Space Telescope Sees a Rocky Exoplanet’s Surface. And It’s Horrible

It’s both too hot and too cold, has no atmosphere, and is no place to take a vacation—but there is an upside.

LHS 3844b is covered in dark lava rock and doesn’t have an atmosphere. It’s difficult to see any upside [NASA/JPL-Caltech/R. Hurt (IPAC)]

It’s hard to say anything positive about the exoplanet LHS 3844b. It’s a wretched place; an alien world that orbits its tiny star in less than half a day. As it’s so close to its red dwarf star, it’s tidally-locked—when one side of the planet is always in baking daylight, the other side is in a perpetual frozen night. Oh, and it doesn’t even have an atmosphere.

Why the heck am I even writing about this unfortunate celestial object?

Well, it might not be our idea of an interstellar getaway, but it is remarkable for two profound reasons: It’s a rare look at the surface conditions of a rocky exoplanet orbiting a distant star, and the very fact that astronomers are confident it doesn’t have an atmosphere is a really big deal.

World of Extremes

Discovered in 2018, LHS 3844b is located nearly 49 light-years away. It has a radius 30 percent larger than Earth and orbits a cool M dwarf star. It was detected by NASA’s newest space-based exoplanet hunter, the Transiting Exoplanet Satellite Survey (TESS); every 11 hours, the world drifts in front of the star, blocking a tiny amount of light (and event known as a “transit”) that can be detected by TESS. As it orbits so close to its host star, it’s glowing bright in infrared radiation, giving the researchers of a new study published in Nature an incredible opportunity.

Using observational data from NASA’s Spitzer space telescope, which views the universe in infrared wavelengths, and as the star is comparatively cool and dim, the researchers could discern how much infrared radiation was being emitted from the exoplanet’s “day” side and calculated that it must be cooking at a temperature of 1,410 degrees Fahrenheit (770 degrees Celsius). On measuring the infrared emissions from the exoplanet’s dark side, they realized that the heat from the day side wasn’t being transported to the night side. On Earth, our atmosphere distributes thermal energy around the globe, ensuring that the night and day sides’ temperature difference isn’t so extreme. LHS 3844b, however, isn’t distributing any of its thermal energy creating a sharp drop-off in temperature between both hemispheres. In other words: no atmosphere!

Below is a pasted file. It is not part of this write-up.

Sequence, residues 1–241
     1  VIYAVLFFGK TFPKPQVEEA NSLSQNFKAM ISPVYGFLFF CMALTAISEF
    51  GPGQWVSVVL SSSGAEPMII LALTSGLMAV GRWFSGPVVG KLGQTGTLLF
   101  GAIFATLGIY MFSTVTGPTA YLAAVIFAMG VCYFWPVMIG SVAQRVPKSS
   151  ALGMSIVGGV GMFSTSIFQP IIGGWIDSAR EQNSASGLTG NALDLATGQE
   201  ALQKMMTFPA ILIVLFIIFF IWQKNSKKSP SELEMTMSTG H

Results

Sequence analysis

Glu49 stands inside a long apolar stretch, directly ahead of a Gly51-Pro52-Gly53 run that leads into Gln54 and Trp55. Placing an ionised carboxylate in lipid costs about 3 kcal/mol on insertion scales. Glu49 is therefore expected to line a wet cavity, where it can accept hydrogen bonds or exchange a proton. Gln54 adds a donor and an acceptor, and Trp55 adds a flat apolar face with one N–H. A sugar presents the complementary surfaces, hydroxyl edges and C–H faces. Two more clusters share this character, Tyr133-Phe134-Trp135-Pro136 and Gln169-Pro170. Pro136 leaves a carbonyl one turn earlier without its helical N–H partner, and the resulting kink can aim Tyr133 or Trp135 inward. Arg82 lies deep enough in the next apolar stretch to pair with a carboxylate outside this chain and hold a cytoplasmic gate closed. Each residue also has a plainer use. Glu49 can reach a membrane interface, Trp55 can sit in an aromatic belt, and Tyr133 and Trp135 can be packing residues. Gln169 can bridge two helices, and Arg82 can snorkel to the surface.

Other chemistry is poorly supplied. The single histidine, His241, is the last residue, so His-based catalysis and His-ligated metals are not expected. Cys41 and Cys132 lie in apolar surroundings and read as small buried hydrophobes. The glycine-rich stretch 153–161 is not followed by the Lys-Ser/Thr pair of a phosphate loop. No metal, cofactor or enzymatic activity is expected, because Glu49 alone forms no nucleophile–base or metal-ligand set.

“The temperature contrast on this planet is about as big as it can possibly be,” said Laura Kreidberg, a researcher at the Harvard and Smithsonian Center for Astrophysics in Cambridge, Massachusetts, and lead author of the new study. “That matches beautifully with our model of a bare rock with no atmosphere.

“We’ve got lots of theories about how planetary atmospheres fare around M dwarfs, but we haven’t been able to study them empirically. Now, with LHS 3844b, we have a terrestrial planet outside our solar system where for the first time we can determine observationally that an atmosphere is not present.”

This exoplanet has about as much atmosphere as the planet Mercury or our Moon, and it shares some other traits too. By measuring the amount of starlight the exoplanet reflects (a characteristic known as “albedo”), Kreidberg’s team also took a stab at understanding its composition.

As the world is “quite dark,” they deduced that it’s very likely that it’s covered in basalt (volcanic rock), the same stuff that we find in the crusts of the Moon and Mercury. “We know that the mare of the Moon are formed by ancient volcanism,” said Renyu Hu, an exoplanet scientist at NASA’s Jet Propulsion Laboratory in Pasadena, Calif., “and we postulate that this might be what has happened on this planet.”

An Atmospheric Problem

Red dwarfs are known to play host to entire systems of exoplanets, including many small rocky worlds of similar dimensions as Earth. Many of these worlds have been found within the much-hyped “habitable zone”, where it’s neither too hot or too cold for liquid water to persist. As we probably are all aware, liquid water is super helpful for life (on our planet, at least) to evolve. While LHS 3844b could never be considered “habitable” in any way, shape or form, the fact that it doesn’t have an atmosphere may be very revealing.